Finding great companies to invest in has never been easy. It was never supposed to be. As the market collapsed - and collapsed and collapsed - over the past two years, smart strategists kept repeating one simple mantra, “There will always be room for good companies and good stocks even in down markets.” The trick would be finding them.
In the roaring late 1990s even a monkey could throw a dart and hit a rising stock. It took much of the homework, and guesswork, out of investing while creating a false sense of certainty that we were all, at heart, born stock-pickers. Have we learned our lesson yet? Apparently so.
Even as the markets have shimmied higher over the past several weeks [with the S&P 500 (^SPX) having risen 22 percent since March 2003], it's still a tough sell for investors to come off the sidelines and have faith in a broad-based bull rally. Bear markets will do that to you. So will accounting scandals and corporate fraud. And so will crooked analysts who acted as shills for their firms' investment banking clients.
But the original mantra still holds true: that good stocks and good companies will always rise regardless of good times or bad. And those investors lucky, smart, and hardworking enough to have found a few small cap stealth stocks that fit this description were handsomely rewarded even as the market cratered around them.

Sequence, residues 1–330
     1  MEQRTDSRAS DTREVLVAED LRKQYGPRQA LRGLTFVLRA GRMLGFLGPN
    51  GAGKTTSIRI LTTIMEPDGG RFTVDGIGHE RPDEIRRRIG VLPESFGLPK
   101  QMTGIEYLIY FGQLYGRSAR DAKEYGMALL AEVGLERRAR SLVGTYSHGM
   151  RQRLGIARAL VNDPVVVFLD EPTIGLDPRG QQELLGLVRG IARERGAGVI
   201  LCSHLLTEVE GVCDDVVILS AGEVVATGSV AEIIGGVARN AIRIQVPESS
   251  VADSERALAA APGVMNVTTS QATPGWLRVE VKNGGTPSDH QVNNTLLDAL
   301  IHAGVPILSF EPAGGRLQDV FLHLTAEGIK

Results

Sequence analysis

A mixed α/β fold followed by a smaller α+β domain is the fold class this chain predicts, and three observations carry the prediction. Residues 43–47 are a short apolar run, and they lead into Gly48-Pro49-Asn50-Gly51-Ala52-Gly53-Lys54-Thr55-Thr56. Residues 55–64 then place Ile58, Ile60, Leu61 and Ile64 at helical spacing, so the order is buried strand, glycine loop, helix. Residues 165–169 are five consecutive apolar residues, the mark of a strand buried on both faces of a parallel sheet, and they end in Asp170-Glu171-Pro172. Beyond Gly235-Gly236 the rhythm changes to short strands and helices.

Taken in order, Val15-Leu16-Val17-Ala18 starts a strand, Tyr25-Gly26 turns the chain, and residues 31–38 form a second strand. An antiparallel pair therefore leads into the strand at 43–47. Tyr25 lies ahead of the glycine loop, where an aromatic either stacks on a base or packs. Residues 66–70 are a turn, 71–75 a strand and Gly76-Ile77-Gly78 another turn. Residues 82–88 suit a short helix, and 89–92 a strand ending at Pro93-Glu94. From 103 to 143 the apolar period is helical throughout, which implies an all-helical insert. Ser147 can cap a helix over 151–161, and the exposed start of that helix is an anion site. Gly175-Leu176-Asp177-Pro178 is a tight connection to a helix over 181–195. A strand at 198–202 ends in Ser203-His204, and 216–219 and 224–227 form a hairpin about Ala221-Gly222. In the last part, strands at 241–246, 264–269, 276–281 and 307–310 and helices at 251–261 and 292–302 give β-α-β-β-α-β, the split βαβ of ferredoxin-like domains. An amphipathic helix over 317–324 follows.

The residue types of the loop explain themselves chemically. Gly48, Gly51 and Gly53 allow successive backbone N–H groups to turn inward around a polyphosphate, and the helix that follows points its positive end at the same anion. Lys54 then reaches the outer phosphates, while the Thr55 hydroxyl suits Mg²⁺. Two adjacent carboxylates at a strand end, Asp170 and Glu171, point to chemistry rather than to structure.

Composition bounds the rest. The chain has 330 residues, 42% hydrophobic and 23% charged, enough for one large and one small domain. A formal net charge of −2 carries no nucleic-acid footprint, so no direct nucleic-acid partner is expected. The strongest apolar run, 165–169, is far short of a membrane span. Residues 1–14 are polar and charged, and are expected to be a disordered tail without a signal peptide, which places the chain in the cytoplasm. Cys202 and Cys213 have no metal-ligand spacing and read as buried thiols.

Some of these stocks - Lexar Media (LEXR) and Asta Funding (ASFI)- were featured in this column. Others, like Sonic Solutions (SNIC), were profiled in newsletters such as the Growth Report. And still others, such as Medifast (MED) were highlighted in stealth stock publications such as Dennis Slothower's Stealth Stocks report.
The question now is whether these few stealth stocks can continue to rise even as the broader market takes a breather, collects its winnings and tests the winds economic change going forward? Upon initial reflection, it appears the answer is yes - that there's more upside still to come.
Bankruptcies and Diets
In February 2003, this column also featured another stealth stock, Asta Funding, as a good hedge against a slowing economy. In a nutshell, Asta buys up credit card debt and tries to collect on what's due. If it can collect more than it paid, it makes money. Not a difficult business to figure out, especially given that, despite an economy in the dumper and hundreds of thousands of people out of work, consumer spending has remined strong. Why? Because our level of personal credit card debt has risen to all time highs, and soon some of those cardholders would have to pay the piper. All good news for Asta.
The stock proved common sense right. Continuing its steady rise, shares climbed from near $10 two years ago to just shy of $22 today. Slothower in January 2003 had told investors that Asta would reach $21 by the end of the year; just five months later it's already there. Though some analysts feel that the stock may have gotten ahead of itself, there's no reason why Asta can't continue its march higher. Though it's recent quarter saw a slight decline in revenue and net income, the company continues to carefully select portfolios of debt to purchase - a high-risk business where caution is Asta's most valuable commodity.